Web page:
Published on March 9, 2021
What Comes After Being Vaccinated?
When I was a kid, I was lucky enough to attend summer camp. Unfortunately, I was often scheduled for swim instruction first thing in the morning. Even in warm weather, the lake water was COLD! We were encouraged to take the plunge — to get wet quickly. I always dipped my toes into the water first to check the temperature.
My approach to being vaccinated for COVID-19 has not been much different. I dove in headfirst and was lucky to receive my two vaccines in February. Naturally, I began to think about life after the pandemic and what I might be able to do 2-3 weeks after the second shot.
The answer is… not much. Not yet.
I am 71 years old, immune-compromised from living with CLL for nearly 15 years and underwent surgery/radiation in 2018 for a sarcoma. There aren’t reliable antibody tests yet to determine how much I am protected from the virus — we all are waiting for accurate and inexpensive home-testing kits. In the meantime, I’ve begun to question what might realistically change for me after being vaccinated.
I reached out to our family physician to let her know that I had received my vaccines and to ask what I can do now. Her initial response was disappointing: “Be careful out there!” She reminded me that after receiving vaccines, there should be no change in official behavior. “Same as we’ve been doing,” she said. “That means wearing masks, social distancing, washing hands… wait for warmer weather to see people outside again… we need to see what happens with the variants.”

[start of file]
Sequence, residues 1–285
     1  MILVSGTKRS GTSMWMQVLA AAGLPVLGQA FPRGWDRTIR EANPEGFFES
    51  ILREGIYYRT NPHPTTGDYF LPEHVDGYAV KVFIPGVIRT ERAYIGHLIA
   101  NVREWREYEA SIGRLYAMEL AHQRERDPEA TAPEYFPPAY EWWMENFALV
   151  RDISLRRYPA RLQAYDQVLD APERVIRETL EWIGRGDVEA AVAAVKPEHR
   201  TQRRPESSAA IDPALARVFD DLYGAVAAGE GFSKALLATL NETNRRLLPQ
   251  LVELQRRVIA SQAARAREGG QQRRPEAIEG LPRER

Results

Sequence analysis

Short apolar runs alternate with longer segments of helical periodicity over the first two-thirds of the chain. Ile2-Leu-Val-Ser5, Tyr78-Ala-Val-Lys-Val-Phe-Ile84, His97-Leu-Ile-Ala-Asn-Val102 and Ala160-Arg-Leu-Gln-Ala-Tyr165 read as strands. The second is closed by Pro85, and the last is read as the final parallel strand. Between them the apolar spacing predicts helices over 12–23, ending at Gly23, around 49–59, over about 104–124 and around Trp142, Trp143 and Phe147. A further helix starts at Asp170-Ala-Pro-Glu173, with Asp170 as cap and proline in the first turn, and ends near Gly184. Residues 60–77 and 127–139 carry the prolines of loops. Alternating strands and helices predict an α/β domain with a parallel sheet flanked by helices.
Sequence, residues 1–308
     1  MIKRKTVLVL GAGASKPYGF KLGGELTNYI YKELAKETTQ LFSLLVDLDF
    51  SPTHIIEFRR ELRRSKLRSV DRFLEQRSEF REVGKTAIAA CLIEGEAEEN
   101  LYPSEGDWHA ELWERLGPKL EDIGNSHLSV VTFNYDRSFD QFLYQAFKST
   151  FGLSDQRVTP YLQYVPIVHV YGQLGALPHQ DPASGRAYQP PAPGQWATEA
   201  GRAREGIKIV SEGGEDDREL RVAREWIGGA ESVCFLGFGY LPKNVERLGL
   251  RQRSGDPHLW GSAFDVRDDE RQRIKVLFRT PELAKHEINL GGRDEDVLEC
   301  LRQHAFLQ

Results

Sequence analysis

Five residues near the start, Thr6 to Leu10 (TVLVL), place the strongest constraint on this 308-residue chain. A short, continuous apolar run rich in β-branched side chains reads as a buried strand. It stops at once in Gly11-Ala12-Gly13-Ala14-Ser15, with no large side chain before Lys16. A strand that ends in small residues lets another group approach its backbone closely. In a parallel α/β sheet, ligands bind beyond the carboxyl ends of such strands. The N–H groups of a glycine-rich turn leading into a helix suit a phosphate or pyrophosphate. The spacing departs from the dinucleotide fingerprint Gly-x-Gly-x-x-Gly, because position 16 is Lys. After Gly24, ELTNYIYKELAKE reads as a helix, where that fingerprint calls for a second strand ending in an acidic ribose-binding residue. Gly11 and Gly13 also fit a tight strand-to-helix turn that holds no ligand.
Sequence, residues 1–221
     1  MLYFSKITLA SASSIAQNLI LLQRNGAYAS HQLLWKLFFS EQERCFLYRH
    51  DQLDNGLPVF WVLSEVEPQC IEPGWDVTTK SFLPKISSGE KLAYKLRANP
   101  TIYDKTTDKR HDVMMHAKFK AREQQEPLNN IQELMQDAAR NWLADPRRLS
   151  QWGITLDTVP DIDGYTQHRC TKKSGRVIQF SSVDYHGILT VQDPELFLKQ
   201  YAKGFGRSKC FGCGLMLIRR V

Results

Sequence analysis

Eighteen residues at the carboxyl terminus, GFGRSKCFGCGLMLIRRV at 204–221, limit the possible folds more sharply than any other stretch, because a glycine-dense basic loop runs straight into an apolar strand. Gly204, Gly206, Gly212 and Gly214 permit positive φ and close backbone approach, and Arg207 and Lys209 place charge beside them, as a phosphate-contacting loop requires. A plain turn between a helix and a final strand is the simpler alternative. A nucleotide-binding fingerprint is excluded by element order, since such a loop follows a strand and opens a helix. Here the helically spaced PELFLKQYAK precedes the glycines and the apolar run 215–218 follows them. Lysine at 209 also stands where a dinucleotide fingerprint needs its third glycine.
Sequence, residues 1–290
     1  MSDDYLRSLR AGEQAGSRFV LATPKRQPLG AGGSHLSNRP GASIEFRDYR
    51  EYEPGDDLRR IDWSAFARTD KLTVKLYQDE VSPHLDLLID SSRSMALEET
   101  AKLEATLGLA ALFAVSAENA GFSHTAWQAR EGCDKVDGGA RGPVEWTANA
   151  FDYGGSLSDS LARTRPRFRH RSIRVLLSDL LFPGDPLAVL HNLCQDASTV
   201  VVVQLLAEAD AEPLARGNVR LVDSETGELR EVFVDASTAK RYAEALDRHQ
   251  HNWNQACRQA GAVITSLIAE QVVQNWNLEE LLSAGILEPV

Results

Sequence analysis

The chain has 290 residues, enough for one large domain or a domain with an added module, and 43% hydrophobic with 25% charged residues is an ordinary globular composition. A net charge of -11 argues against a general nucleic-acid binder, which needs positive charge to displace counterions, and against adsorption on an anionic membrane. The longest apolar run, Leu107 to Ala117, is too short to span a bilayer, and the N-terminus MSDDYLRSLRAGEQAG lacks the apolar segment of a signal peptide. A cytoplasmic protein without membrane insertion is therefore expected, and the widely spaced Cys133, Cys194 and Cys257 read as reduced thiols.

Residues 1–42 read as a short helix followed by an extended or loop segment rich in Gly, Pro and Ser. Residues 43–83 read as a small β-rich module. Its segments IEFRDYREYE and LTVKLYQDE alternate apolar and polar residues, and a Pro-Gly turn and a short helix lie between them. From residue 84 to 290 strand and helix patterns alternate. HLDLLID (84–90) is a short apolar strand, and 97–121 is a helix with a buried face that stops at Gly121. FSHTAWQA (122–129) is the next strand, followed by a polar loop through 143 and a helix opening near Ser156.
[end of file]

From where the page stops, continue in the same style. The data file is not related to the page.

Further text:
The variants. There isn’t enough information about the impact of mutated viruses from the United Kingdom, South Africa and Brazil. Experts say they are potentially more deadly, and they don’t have enough data to determine if those two precious shots will protect us from infection, serious illness or worse. The longer it takes to vaccinate everyone, the better the chance these new, wily variants will pop up.
One of my motivations (among many) for getting the shots quickly is to hug our grandchildren. I have yet to hold our youngest, who turns one in mid-March. My son is a physician. When I asked about a birthday celebration for the baby, he replied, “I’m uncomfortable.” His wife hasn’t been vaccinated. The kids (our older grandson is 21/2) haven’t been vaccinated. The plan? We’ll hope for decent weather, celebrate outdoors with a heater, masks and social distancing. Sound familiar?
And yet, I remain hopeful. It’s getting warmer. We’ll be able to meet with vaccinated friends outside at restaurants. My doc said — unofficially* — that it probably will be okay to get together inside with another vaccinated couple. I go to the grocery store and get my hair cut, double-masked, of course. Travel? Not yet, and there aren’t many places to go. Movies? Theatre? I’m not ready to sit inside with strangers for long periods of time.
So, I am taking baby steps. Dipping in my toe to check the temperature. And I am looking forward, eventually, to take the plunge back into a pre-COVID life.
*On March 8, 2021, the CDC updated the public health recommendations to allow vaccinated people to gather indoors. More information on what the CDC has updated is available on their website.
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